Morning Links

Morning Links: Allan Sekula Edition

Sekula. COURTESY CALARTS

Sekula.

COURTESY CALARTS

Gifts

The Clark Art Institute in Massachusetts has received the library of the late artist and writer Allan Sekula. Sally Stein, Sekula’s wife, gifted the 15,000 volumes to the institute. [Artforum]

Department of Election Anxiety

This may be no surprise to anyone, but if Hillary Clinton became president, she would do more for the arts than Donald Trump would. In 2013, she even wrote an essay for Vanity Fair about the Art in Embassies program. [The Art Newspaper]

A look at the architecture of Trump’s buildings, which, Ian Volner writes, are mostly “fine, or at least do no harm,” but have a serious attitude problem. [Artforum]

Emails

Elizabeth Orr debuts a new video called MT RUSH, “a near-future science fiction video chronicling the day-to-day activities of a female Mt. Rushmore Park Ranger as she navigates an onslaught of interactive fundraising emails that appear on a transparent interface.” [DIS Magazine]

Prizes and Honors

Following a $2 million donation, Nick Cave will be the first Stephanie and Bill Sick professor of fashion design, body, and garment at the School of the Art Institute of Chicago. [Crain’s Chicago Business]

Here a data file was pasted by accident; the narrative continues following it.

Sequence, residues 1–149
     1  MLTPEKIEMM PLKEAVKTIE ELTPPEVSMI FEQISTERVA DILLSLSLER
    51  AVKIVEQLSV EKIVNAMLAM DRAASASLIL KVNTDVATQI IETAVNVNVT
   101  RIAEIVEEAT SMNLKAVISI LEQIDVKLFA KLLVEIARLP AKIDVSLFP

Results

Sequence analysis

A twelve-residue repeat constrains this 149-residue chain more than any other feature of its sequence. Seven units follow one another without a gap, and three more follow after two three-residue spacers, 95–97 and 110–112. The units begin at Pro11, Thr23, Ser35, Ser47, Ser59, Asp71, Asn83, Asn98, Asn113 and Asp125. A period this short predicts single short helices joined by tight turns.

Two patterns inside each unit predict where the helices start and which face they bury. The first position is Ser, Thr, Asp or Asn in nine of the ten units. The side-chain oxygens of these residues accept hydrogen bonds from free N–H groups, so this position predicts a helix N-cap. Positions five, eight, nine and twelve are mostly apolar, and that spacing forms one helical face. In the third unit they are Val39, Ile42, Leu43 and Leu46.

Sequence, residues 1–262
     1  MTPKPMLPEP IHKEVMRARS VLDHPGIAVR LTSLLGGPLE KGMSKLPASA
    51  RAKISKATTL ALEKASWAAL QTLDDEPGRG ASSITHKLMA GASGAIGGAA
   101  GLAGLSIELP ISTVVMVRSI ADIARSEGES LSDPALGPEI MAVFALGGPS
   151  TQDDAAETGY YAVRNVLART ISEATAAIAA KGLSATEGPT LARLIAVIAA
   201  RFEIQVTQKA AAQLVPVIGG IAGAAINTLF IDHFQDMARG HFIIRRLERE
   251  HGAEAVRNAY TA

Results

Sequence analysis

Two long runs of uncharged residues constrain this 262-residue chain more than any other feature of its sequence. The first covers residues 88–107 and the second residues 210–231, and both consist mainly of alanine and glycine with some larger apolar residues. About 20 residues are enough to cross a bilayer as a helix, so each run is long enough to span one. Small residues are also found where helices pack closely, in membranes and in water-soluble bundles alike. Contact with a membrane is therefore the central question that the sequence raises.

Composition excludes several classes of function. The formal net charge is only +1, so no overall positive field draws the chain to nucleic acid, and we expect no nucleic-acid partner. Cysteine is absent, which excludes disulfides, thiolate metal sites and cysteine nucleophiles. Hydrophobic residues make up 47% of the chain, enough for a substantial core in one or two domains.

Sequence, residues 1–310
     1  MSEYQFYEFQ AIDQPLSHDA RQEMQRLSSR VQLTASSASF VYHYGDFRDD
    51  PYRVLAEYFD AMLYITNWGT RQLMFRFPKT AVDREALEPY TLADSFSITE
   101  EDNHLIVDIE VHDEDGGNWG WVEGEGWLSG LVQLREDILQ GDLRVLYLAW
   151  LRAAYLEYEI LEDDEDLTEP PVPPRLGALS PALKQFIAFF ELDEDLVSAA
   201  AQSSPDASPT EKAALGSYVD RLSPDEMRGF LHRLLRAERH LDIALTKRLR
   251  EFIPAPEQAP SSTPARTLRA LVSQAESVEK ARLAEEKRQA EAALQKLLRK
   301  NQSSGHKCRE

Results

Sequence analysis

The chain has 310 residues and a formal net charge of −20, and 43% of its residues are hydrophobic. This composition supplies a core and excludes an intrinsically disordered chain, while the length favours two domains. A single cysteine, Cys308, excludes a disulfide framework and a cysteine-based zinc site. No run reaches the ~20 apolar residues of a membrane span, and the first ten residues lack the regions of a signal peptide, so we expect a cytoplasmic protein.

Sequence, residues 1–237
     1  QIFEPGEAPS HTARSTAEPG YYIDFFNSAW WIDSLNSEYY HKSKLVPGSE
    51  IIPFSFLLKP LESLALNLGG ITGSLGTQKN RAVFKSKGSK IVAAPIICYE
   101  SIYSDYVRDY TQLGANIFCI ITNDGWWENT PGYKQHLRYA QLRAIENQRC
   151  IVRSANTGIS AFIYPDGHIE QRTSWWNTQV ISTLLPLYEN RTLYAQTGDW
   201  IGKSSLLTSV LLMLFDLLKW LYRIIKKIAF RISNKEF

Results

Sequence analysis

Los Angeles–based artist Rodney McMillian has won the first Suzanne Deal Booth Prize, which comes with $100,000 and a solo exhibition at Contemporary Austin in Texas, and which will now be give out biennially. [MyStatesman.com]

Museums

Peter Schjeldahl reviews the Met Breuer’s Kerry James Marshall survey, calling it “exhilarating” and noting that it “affirms a revival of grandly scaled, thematic figurative painting.” [The New Yorker]

Greece has opened its first National Museum of Contemporary Art as part of a two-decade-long initiative to create jobs and promote culture. [Al Jazeera]

Portraiture

According to one auction house representative, portraits of men have a tendency to sell for much higher rates than those of women. This may relate to the nature of art history—the more famous portraits have typically featured male subjects. [Bloomberg]

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